By Hassan G. Koroma
In their quest to promote equal education in the country, which was the theme of celebrations to observe the Global Week of Action on Education: ‘Equal Rights, Equal Opportunity Education and Disability’, Education for All-Sierra Leone Coalition (EFA-SL) has highlighted some of the policy demands that would ensure people with disability have access to good and quality education in the country.
While reading the policy demand for the Coalition’s position on disability to the government of Sierra Leone on Wednesday 7 May, 2014, during a well-attended forum discussion at the British Council Auditorium, National Coordinator of EFA-SL, Joseph Cobinah, said there was a need to create appropriate legislative framework and set out ambitious national plans for the inclusion of people with disability, and to ratify and implement the Convention on the Rights of Persons with Disabilities.
Cobinah said that removing legislative or constitutional barriers for disabled people would mean their inclusion in mainstream education systems, and the involvement of disabled people and organizations in the planning and monitoring of education blueprints at all level, as well as to provide capacity resources and leadership to implement ambitious national plans on inclusion.
He urged government to allocate at least 20% of the national budget to education and ensure that at least 50% is dedicated to basic education and ensure the Ministry of Education, Science and Education has the primary responsibility for the education of disabled children, with different levels of responsibilities clearly outlined across the whole education system backed by high political leadership.
He said that government should invest in improving knowledge and capacity of local and national government institutions in the country in order for them to deliver inclusive education and improve data on disability and education and build accountability for action and ensure education data is disaggregated by disability and gender, and that it tracks both enrolment and retention in different schools in the country.
He said that proprietors of schools should always ensure that schools and classrooms are accessible to disabled pupils, and enforce accessible school regulations for all, while providing materials and technology to support learning for all and ensure there are trained and qualified teachers that can cater for all categories of pupils.
Making statement at the discussion forum on inclusive education for all, Commissioner, National Commission for People with Disability, Fredrick Kamara, who also chaired the panel discussion, said it was important for the government to provide inclusive education for all level of persons, be they able or disabled because education is the most important tool in the world.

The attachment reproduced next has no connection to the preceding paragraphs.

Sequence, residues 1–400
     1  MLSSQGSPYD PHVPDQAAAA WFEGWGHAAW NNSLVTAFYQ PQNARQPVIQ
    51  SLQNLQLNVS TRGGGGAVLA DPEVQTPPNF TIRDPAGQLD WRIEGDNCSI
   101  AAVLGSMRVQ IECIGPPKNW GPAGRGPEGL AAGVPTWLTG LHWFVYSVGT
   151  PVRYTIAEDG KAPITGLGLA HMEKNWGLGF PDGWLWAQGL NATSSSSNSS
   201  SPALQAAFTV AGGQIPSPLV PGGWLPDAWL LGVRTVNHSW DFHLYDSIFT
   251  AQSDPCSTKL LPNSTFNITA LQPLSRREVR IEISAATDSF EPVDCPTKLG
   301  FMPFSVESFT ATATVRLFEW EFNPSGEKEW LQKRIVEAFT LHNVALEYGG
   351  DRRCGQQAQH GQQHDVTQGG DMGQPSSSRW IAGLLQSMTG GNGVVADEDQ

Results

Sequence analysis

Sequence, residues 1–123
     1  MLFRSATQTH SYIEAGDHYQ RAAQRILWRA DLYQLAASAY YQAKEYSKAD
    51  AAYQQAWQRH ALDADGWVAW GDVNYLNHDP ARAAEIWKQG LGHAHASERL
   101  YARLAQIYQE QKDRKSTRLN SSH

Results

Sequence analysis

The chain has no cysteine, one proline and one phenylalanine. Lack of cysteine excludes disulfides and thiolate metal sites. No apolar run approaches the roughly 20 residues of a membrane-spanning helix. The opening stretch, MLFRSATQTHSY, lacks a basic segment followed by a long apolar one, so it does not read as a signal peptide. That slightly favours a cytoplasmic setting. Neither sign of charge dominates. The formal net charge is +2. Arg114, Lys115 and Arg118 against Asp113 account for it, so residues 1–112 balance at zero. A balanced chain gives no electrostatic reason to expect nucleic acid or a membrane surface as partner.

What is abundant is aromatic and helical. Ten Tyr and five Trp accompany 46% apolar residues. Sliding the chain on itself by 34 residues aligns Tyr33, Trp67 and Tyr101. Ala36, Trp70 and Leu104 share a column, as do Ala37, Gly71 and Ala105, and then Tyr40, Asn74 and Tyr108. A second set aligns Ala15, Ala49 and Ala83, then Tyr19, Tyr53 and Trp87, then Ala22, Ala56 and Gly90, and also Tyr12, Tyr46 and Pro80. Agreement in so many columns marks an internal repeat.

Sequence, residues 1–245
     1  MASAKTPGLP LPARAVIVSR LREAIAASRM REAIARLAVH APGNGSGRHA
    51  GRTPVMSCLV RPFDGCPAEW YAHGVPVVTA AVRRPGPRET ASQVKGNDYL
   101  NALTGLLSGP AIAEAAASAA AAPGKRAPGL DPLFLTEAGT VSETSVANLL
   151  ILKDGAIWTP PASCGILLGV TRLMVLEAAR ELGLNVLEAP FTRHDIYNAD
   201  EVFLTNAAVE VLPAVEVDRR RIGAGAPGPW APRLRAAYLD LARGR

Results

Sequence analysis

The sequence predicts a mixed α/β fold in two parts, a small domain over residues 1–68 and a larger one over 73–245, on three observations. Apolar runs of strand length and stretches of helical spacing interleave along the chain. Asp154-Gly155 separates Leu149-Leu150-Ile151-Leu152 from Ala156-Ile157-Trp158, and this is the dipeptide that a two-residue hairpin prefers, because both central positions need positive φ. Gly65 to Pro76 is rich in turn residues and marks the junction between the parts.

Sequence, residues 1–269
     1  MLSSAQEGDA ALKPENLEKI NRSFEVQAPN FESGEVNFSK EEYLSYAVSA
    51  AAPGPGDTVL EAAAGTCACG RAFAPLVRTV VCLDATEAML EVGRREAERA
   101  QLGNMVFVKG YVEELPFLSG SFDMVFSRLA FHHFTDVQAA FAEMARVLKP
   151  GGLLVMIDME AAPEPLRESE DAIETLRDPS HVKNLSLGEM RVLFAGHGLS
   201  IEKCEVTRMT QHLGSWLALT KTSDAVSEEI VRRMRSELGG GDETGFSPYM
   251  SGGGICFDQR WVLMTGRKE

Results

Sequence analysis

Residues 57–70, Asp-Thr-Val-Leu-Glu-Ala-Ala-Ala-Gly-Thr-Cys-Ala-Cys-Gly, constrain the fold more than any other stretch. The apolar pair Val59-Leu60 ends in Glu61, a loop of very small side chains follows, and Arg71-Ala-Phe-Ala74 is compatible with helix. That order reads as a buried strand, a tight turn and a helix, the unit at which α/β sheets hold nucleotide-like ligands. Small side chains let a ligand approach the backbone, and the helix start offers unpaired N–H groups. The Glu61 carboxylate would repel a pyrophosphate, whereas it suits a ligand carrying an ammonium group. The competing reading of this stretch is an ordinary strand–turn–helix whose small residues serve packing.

He said disabled children encounter discrimination in many spheres of life, not least in education, and called on government to provide people with disability access to education in primary schools and at tertiary institutions.
On his part, President of the Sierra Leone Union of Persons with Disability, Kabba Franklyn Bangura, said inclusive education could only be possible when the government provide necessary learning materials for all types of pupils in the country.
He said the government should embrace inclusive education in pursuance of the process of strengthening quality education for all in the country.
He said quality education for children is the only way to promote and improve the quality of lives of the people, thus there should be no exceptions in the educational system.
Malcolm Kpana, the second blind student in the history of Sierra Leone who is pursuing an LLB degree at Fouray Bay College, University of Sierra Leone, called on the government, through the Ministry of Education, Science and Technology to always give chance to people with disability to have access to international scholarship, as they too can do better.
He said the disabled, especially those in the universities, encounter several difficulties going for classes due to the fact that some classes are conducted in the last storey of the building, thus having to miss lectures at times when there is no one to aid them through the stairs.